An heirloom bronze elephant with ivory tusks, great-grandmother’s piano with ivory keys, a vintage ivory chess set, or an antique silver teapot with a small ivory inset in the handle to keep it cool may be “endangered” by proposed laws that could be in place in June.
Buying, selling or importing ivory from recently killed African elephants is illegal and has been for about 25 years. An executive order issued by President Obama would extend the ban to include all antique ivory harvested from elephants that died before 1914. There would be a law forbidding sales, even gifts to museums, of any ivory, including antique pieces.
Express your opinion in this controversy. There’s still time to contact your U.S. senator, representative or the Fish & Wildlife Service.
My bedroom suite has a chest of drawers and dresser made of light wood. They are marked “Birchcraft by Baumritter.” Does the suite have any value other than as used furniture?
Baumritter Corp. was founded by Theodore Baumritter and his brother-in-law, Nathan Ancell, in New York City in 1932. The company sold housewares. Baumritter and Ancell bought a furniture company in Beecher Falls, Vt., in 1936. It introduced a 28-piece line of “Ethan Allen” furniture in 1939. The name of the company became Ethan Allen Industries in 1972. Furniture with a modern look and light color is bought by those wanting a 1950s look and sells for a little more than other used furniture.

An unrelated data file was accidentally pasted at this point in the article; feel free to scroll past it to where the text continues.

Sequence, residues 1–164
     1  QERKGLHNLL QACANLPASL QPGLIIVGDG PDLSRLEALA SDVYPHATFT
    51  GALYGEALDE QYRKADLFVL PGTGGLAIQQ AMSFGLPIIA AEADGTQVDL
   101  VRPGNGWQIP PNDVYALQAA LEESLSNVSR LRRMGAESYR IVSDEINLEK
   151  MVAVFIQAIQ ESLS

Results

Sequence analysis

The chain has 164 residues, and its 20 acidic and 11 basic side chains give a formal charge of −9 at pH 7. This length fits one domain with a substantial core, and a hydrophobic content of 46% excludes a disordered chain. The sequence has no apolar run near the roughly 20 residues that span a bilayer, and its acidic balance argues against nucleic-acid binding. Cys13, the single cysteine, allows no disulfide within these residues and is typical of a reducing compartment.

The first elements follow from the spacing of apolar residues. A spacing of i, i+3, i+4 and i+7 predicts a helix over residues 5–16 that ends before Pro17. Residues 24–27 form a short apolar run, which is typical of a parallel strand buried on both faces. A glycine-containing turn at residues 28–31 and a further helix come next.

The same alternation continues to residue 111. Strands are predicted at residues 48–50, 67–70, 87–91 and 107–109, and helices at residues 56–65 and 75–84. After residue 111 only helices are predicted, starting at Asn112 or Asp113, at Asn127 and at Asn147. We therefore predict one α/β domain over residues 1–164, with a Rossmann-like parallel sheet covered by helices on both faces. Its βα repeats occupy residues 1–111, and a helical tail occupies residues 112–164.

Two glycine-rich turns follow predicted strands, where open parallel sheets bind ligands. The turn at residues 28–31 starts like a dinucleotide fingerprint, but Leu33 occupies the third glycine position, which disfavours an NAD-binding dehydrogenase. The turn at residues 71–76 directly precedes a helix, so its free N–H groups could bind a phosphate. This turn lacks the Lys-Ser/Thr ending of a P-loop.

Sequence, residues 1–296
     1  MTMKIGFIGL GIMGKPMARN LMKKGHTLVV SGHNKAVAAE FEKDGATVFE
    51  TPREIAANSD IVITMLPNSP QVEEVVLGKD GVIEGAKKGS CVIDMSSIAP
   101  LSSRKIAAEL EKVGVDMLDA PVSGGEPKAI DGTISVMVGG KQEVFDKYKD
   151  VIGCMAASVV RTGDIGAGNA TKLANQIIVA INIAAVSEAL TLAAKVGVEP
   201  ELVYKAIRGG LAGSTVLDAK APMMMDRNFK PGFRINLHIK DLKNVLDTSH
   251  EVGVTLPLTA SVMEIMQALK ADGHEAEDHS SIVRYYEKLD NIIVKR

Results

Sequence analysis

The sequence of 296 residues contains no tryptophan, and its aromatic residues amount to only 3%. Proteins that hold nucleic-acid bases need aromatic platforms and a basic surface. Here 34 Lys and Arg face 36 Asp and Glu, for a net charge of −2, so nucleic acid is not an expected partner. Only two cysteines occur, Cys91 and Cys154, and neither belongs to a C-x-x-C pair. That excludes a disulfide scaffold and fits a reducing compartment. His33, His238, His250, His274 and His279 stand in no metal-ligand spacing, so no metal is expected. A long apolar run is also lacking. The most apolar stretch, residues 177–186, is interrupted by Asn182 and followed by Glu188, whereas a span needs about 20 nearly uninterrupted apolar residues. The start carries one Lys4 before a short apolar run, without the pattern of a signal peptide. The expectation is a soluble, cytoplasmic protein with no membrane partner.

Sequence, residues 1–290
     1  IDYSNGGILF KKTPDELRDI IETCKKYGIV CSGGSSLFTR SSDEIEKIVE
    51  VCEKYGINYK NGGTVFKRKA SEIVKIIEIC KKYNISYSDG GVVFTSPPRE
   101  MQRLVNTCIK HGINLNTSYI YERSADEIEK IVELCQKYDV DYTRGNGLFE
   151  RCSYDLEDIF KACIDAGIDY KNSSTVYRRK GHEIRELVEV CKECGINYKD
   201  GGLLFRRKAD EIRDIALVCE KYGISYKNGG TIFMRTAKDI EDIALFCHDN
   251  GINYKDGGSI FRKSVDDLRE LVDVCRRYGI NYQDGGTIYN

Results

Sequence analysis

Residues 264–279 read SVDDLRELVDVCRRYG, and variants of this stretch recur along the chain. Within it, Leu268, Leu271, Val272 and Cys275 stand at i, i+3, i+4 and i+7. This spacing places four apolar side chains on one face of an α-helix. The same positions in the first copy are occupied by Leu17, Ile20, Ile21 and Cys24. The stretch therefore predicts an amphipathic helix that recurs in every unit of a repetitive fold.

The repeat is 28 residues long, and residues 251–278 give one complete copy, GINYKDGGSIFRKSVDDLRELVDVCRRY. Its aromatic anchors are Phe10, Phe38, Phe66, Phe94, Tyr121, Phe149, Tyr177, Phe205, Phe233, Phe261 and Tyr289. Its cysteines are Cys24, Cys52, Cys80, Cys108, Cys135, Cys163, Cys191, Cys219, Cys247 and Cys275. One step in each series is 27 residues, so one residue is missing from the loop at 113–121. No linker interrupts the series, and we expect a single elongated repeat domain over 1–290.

I bought a heavy glass vase at auction several years ago. It’s 141/2 inches tall and 7 inches wide. The signature on the back is “Legras.” The vase is decorated with trees around a lake. The orange-colored sky and reflection in the lake look like it is sunset or sunrise. When light shines through the glass, it looks like the sun is shining through the trees. Can you tell me anything about the maker and the vase’s value?
Auguste Legras founded his glassworks at St. Denis, France, in 1864. Legras is known for its cameo glass and enamel-decorated glass in Art Nouveau designs. The company merged with Pantin in 1920. Legras vases sell for a few hundred to over a thousand dollars. A vase with a similar scene sold at auction for $355 this year.
My mother left me her complete set of Salem China. She may have used the china once or twice through the years. I have used the dishes a couple of times since she gave them to me. All the pieces are perfect. They’re decorated with a central bouquet of colorful pastel flowers. The mark on the bottom is a small circle with the word “Salem” inside it and a coffee cup in front of it. Under that are the words “Princess Margaret, 23 K Gold, 51 Y.” Please estimate a value for the set.
Salem China Co. manufactured dinnerware in Salem, Ohio, from 1898 to 1967. The mark on your dishes dates the set to 1951, the year before Princess Margaret’s older sister, Elizabeth, became queen of England. The Princess Margaret pattern is not a common one. A 12-piece set of dishes in the pattern recently sold online for $225.
Write to Terry Kovel at King Features Syndicate, 300 W. 57th St., New York, NY 10019. For more information: www.kovels.com.